Monthly Article Archives: June 2000

Differences from Birth – Part VRobert Brooks, Ph.D.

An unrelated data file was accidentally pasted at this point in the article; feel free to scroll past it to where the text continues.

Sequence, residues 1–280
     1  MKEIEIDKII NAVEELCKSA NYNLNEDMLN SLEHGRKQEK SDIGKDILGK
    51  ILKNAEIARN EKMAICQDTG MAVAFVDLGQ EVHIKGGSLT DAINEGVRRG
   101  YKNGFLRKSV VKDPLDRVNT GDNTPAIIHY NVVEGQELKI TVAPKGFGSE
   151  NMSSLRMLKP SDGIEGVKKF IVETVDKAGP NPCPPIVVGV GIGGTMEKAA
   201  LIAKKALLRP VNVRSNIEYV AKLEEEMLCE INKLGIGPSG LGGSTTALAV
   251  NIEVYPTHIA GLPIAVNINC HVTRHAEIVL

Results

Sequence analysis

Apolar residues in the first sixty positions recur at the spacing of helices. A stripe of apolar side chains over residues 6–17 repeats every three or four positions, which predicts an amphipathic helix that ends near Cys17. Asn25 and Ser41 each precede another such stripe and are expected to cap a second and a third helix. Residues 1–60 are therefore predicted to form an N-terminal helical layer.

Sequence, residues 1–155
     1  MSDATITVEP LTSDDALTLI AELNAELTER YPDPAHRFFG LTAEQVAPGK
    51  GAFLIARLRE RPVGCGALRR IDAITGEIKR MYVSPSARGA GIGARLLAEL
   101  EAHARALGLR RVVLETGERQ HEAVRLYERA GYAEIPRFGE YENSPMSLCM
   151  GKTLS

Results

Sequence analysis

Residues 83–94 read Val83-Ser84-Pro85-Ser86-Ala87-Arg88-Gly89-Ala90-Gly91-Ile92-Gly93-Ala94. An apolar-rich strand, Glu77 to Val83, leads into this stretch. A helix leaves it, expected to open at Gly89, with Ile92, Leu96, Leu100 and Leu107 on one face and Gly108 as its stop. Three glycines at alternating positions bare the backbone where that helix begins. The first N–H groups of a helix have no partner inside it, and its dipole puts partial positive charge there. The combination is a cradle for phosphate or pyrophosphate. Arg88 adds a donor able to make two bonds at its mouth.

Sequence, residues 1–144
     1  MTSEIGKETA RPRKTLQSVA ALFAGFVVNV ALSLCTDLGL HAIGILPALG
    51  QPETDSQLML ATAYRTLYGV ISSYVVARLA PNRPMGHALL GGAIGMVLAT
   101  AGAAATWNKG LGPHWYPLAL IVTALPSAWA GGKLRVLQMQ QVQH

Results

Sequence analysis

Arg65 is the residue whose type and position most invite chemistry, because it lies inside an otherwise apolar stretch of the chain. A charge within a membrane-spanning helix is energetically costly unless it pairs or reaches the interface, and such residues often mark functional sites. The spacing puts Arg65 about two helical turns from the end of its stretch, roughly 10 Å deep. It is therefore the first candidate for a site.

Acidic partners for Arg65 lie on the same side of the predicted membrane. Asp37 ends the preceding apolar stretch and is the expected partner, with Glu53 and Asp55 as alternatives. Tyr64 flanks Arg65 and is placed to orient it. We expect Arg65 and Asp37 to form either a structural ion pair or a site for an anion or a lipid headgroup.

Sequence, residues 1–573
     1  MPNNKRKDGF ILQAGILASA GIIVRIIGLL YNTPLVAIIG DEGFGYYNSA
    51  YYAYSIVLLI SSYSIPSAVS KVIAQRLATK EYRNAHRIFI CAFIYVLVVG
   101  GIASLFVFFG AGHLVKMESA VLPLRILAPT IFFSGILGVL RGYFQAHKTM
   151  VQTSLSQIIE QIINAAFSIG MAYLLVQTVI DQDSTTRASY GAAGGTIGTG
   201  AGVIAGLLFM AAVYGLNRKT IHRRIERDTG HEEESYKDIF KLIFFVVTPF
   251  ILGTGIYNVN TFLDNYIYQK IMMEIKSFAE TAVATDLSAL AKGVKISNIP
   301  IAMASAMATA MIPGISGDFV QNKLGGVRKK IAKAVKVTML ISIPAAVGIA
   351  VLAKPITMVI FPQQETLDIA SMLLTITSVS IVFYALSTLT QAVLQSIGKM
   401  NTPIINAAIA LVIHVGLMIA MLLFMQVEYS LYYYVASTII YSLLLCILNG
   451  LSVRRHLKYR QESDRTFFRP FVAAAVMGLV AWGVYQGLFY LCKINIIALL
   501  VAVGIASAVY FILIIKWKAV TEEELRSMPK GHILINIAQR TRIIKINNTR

This is the last of my five-part series about the inborn temperament of children. In my last two columns I described several strategies for adopting a proactive or crisis prevention approach when interacting with our temperamentally difficult children. I noted that a proactive parent consistently asks, “What can I do in advance to create an environment that will minimize my child’’s difficulties and help my child learn more adaptive ways of handling problems?” In last month’’s column I outlined several important components of a proactive approach that included: (a) reflecting upon your child’’s temperament and making a list of the behaviors that you would like to see changed, (b) prioritizing the list in terms of what behaviors need immediate attention, (c) practicing empathy and seeing the world through the eyes of your temperamentally difficult child so that you can respond more effectively to her/his behaviors, and (d) articulating clearly what you see as the problem and asking your child if she/he also sees it as a problem since agreement that a problem exists is an important step towards solving it. Please refer to my April and May columns for a more in-depth discussion of these and other points. In this

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